Over the past few weeks readers have asked what has happened to the white narrow clouds produced by aircraft traveling up and down the West Coast on their way to Los Angeles, San Francisco or Seattle.
In three words, it’s “low relative humidity.” Here’s what I mean:
These white narrow clouds are called condensation trails or contrails. They can evaporate swiftly if the relative humidity of the surrounding air is low. Conversely, if the relative humidity is high, contrails can last for many hours.
Contrails typically form when the air temperature is at or below minus-40 degrees Fahrenheit or Celsius. At these temperatures, small clouds form when moisture condenses and instantly freezes around the tiny particulates found in jet airliners’ exhaust. These clouds are ice crystals and look similar to wispy strands of cirrus clouds.
Most commercial jet airliners fly at an altitude between 28,000 and 41,000 feet — about 6 miles up in the sky — where temperatures are cold. Over the past few weeks, dew point temperatures have been frigid and relative humidity levels bone-dry.
(The dew point is the temperature at which air can no longer hold all of its water vapor and becomes saturated, causing it to condense into dew or fog.)
So how do we determine the dew point temperature so far up the sky? Every morning, the 30th Weather Squadron from Vandenberg Air Force Base launches weather balloons with a tiny transmitter called a radiosonde attached. As the weather balloon climbs through the atmosphere, its transmitter broadcasts back to the receiving station readings on temperature, dew point temperature, pressure and GPS coordinates for the winds.
The attached Skew T chart is a vertical graph of the atmosphere from Saturday morning’s weather balloon launch from Vandenberg Air Force Base, and it shows some interesting data. The red line to the right is the air temperature in degrees Celsius, the green line to the left is dew point temperature also in degrees Celsius.
At about 925 millibars, or 2,500 feet, the balloon flew through a temperature inversion layer as the red line (air temperature) broke to the right and increased to 18 degrees Celsius or about 64 degrees Fahrenheit and the green line (dew point) moved left to 0 degrees C or 32 degrees F, increasing the dew point spread to 64 degrees F and reducing the relative humidity to near 30 percent.
At 850 millibars, or about 4,800 feet, above the earth the dew point temperature plummeted to minus-25 degrees C. This condition caused the calculated relative humidity level to dropped 7 percent, dry indeed. In fact, it was too dry to produce any contrails.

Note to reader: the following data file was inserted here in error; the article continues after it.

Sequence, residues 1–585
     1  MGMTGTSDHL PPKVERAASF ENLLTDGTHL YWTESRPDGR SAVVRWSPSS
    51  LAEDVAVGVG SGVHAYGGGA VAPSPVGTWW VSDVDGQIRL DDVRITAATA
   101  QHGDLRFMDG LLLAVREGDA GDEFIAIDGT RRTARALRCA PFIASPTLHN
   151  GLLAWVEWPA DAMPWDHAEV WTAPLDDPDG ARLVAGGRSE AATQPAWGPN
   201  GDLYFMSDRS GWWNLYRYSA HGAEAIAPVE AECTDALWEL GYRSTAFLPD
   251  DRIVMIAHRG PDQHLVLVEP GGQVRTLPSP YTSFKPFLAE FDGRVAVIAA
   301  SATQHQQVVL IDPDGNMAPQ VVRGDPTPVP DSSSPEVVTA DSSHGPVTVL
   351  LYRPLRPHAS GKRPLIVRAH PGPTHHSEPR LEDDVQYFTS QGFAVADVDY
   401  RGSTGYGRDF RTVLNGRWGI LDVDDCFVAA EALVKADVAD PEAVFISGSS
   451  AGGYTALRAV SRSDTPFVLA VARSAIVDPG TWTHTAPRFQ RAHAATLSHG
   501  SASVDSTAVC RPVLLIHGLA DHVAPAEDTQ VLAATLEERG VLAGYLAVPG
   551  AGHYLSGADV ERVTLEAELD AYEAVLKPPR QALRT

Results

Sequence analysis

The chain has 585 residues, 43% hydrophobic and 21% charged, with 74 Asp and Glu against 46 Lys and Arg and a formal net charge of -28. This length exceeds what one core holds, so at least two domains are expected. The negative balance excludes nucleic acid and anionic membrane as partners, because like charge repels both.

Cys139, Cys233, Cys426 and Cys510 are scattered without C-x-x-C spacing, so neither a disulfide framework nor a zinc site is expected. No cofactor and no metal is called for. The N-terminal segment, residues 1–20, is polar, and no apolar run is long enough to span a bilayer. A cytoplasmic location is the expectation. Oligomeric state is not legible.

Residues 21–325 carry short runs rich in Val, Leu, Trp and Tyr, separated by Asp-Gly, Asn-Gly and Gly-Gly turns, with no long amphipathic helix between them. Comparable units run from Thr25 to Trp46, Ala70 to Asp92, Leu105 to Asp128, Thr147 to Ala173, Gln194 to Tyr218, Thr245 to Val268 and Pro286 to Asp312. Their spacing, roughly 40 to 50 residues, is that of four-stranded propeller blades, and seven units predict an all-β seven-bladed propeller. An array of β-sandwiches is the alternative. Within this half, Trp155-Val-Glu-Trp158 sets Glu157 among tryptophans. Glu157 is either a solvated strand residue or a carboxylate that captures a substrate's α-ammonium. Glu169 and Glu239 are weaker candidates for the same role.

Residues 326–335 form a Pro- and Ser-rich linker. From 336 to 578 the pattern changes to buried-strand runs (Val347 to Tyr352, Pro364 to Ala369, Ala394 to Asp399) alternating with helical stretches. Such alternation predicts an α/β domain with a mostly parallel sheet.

At 300 millibars, or about 30,000 feet, the air temperature lowered to minus-40 degrees. However, the dew point decreased to minus-52 degrees C (minus-62 degrees F) with a calculated relative humidity level of around 26 percent, still too dry for decent contrail formation.
The weather balloon sounding also revealed 50-knot southwesterly winds in the upper levels of the atmosphere. At this time of the year, upper-level southwesterly flow is usually dry with low relative humidity levels.
These charts can be found on the National Weather Service office in Los Angeles/Oxnard website at www.wrh.noaa.gov/lox on the tab for Upper Air and Soundings.
At other times on the year, if the green line and red line are close to each other, the air is near saturation and the relative humidity levels near 100 percent; if the air temperature is around minus-40 degrees, contrails will surely form and, depending upon the upper-level winds or wind shear, can last for hours. If you look to the sky this week, you probably will see contrails from aircraft as the upper level winds shift out of the northwest, which has higher humidity levels.
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In the United States, the generation of electricity is one of the largest contributors of carbon dioxide. However, in PG&E’s service territory, the generation of electricity utilizing nuclear, hydroelectric, solar, wind, geothermal and biomass has made our state one of the cleanest in the country. In fact, more than 55 percent of the electricity that PG&E delivers to its customers is carbon-free. With each passing year, it’s expected to become cleaner.
John Lindsey is the PG&E Diablo Canyon marine meteorologist and media-relations representative. Email him at email@example.com or follow him at www.twitter.com/PGE_John.